Fifty US senators line up behind new Iran sanctions bill

Support among Senate members for new Iran sanctions bill has doubled since the measure was introduced last month.

January 7, 2014 21:25
2 minute read.

Bushehr nuclear power plant south of Tehran.. (photo credit: REUTERS)


Dear Reader,
As you can imagine, more people are reading The Jerusalem Post than ever before. Nevertheless, traditional business models are no longer sustainable and high-quality publications, like ours, are being forced to look for new ways to keep going. Unlike many other news organizations, we have not put up a paywall. We want to keep our journalism open and accessible and be able to keep providing you with news and analyses from the frontlines of Israel, the Middle East and the Jewish World.

As one of our loyal readers, we ask you to be our partner.

For $5 a month you will receive access to the following:

  • A user experience almost completely free of ads
  • Access to our Premium Section
  • Content from the award-winning Jerusalem Report and our monthly magazine to learn Hebrew - Ivrit
  • A brand new ePaper featuring the daily newspaper as it appears in print in Israel

Help us grow and continue telling Israel’s story to the world.

Thank you,

Ronit Hasin-Hochman, CEO, Jerusalem Post Group
Yaakov Katz, Editor-in-Chief


WASHINGTON -- Support among Senate members for a new sanctions bill against Iran has doubled since the measure was introduced last month.

50 senators across party lines now co-sponsor the Nuclear Weapons Free Iran Act of 2013, according to multiple Senate aides, who expect support to increase in the coming days. That amounts to half of all Senate members, just one shy of the number required for a bill to pass.

Be the first to know - Join our Facebook page.

Senate Foreign Relations Committee chairman Robert Menendez introduced the bill just before Christmas with 25 co-sponsors. The move was an affront to the Obama administration, which fears the bill could derail fragile nuclear talks among Iran, the US and world powers.

If enacted, the bill would provide the president with a window of up to a year to negotiate a final settlement with Iran over its controversial nuclear program. Iran would also have to comply with an interim agreement forged between its government and the P5+1 powers— the US, United Kingdom, France, Russia, China and Germany— that effectively halts uranium enrichment and construction on its Arak plutonium reactor in exchange for modest sanctions relief.

Should Iran fail to meet either of these terms, new sanctions would trigger against the Islamic Republic that would include harsh penalties for countries still importing Iranian oil, including US allies, requiring they cut at least 30 percent of their purchases within months of enactment.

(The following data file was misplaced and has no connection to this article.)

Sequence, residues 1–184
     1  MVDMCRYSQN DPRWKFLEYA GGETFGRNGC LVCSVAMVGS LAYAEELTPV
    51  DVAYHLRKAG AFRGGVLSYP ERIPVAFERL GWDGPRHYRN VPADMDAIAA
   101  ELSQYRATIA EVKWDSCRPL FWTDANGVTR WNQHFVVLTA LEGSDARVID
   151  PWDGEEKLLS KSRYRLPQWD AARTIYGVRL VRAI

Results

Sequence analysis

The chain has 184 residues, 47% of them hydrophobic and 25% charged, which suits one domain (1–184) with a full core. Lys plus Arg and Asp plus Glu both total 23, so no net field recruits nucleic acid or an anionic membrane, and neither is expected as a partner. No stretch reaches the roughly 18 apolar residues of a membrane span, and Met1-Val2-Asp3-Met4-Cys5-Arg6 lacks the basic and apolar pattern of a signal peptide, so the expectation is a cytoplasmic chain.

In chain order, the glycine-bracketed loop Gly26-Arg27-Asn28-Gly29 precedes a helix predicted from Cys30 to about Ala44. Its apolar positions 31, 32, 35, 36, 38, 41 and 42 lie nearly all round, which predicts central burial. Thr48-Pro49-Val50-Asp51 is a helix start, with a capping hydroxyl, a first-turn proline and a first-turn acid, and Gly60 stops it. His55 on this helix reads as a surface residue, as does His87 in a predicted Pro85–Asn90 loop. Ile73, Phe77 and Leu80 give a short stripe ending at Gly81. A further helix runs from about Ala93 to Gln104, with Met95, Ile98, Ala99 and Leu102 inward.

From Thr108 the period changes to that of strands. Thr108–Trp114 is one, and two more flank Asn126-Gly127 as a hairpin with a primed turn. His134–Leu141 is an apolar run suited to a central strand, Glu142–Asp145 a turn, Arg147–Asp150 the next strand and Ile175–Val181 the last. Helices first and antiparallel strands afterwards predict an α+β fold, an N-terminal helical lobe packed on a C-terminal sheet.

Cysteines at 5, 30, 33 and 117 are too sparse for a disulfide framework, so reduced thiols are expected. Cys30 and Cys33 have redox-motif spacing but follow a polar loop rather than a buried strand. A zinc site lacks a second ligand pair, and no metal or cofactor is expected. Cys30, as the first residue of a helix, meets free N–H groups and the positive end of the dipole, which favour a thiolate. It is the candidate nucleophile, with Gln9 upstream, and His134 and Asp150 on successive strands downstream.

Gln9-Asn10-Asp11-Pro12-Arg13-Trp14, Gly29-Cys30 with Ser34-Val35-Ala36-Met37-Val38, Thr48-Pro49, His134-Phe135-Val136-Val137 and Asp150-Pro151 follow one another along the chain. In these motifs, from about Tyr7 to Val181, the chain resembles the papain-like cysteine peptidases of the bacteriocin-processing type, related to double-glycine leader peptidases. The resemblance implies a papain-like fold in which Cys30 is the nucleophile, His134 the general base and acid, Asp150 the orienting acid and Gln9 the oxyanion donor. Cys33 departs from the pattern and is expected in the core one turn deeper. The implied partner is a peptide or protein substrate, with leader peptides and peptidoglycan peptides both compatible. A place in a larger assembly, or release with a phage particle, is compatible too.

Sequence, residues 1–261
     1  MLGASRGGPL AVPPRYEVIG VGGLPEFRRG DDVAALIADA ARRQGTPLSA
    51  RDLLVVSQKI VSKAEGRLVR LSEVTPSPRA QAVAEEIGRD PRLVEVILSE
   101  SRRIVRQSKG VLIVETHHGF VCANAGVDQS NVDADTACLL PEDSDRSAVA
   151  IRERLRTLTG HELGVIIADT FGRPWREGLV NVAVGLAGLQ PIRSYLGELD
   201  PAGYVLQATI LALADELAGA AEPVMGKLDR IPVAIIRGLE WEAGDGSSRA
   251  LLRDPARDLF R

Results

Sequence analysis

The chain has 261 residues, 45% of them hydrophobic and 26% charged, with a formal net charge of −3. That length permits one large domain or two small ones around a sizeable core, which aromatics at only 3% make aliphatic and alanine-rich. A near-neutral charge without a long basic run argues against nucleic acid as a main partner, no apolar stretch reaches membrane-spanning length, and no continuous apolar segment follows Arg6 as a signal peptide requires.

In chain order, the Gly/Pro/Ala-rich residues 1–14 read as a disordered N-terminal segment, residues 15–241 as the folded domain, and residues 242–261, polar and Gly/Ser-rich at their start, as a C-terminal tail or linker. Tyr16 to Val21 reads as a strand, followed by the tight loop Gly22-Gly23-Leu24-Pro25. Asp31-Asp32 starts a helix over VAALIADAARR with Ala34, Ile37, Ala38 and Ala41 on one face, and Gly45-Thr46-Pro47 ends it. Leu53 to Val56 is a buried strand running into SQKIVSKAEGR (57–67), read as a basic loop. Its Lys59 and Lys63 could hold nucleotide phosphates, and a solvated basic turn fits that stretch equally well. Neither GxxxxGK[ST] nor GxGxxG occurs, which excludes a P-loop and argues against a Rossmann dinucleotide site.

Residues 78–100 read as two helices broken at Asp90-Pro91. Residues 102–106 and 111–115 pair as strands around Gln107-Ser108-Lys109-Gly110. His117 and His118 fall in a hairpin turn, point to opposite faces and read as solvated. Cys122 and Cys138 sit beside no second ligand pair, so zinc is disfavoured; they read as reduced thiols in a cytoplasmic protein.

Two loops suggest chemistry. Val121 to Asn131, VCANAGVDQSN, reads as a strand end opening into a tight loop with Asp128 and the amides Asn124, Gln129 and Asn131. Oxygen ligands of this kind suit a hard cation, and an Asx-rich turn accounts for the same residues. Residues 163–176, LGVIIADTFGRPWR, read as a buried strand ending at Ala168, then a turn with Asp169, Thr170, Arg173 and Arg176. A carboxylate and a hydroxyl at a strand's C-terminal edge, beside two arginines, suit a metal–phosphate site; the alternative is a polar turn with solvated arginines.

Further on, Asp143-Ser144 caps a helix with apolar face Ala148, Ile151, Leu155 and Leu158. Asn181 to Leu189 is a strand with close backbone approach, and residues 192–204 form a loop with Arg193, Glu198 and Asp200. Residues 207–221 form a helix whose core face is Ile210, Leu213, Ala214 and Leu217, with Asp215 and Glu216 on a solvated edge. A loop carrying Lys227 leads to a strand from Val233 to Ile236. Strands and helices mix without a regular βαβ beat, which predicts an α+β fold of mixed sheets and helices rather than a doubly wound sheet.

One senior Senate aide told The Jerusalem Post on Tuesday that a vote is "fully expected" on the measure, despite suggestions from the White House that the bill would not reach the floor.

"We don't think this action is necessary," White House press secretary Jay Carney said on December 19. "We don't think it will be enacted. If it were enacted, the president would veto it.”


But another aide familiar with the bill thought a path forward was possible between Senate leadership—including Menendez and senators Charles Schumer and Mark Kirk, who co-authored the bill—and the White House.

"Rhetoric aside, everyone can get something here," the aide told the Post. "The administration gets up to a year of flexibility to negotiate, Iran gets its limited sanctions relief and Congress gets the insurance policy we've been seeking." In the House of Representatives, Republican leadership scheduled floor time for Iran legislation this month. Democratic whip Steny Hoyer and Republican majority leader Eric Cantor have jointly written a resolution framed in support of the Senate measure.

Senator Tim Johnson, chairman of the Senate Banking Committee, which typically reviews sanctions legislation, said on Monday that the bill would not proceed through his committee, and would have to take an alternative route to the Senate floor.

Johnson said he believed warnings from US Secretary of State John Kerry that negotiations with Iran would "collapse" if the Senate passed the bill, even if it is "tentative" in nature.

Join Jerusalem Post Premium Plus now for just $5 and upgrade your experience with an ads-free website and exclusive content. Click here>>

Related Content

Bushehr nuclear Iranian
August 5, 2014
Iran and the bomb: The future of negotiations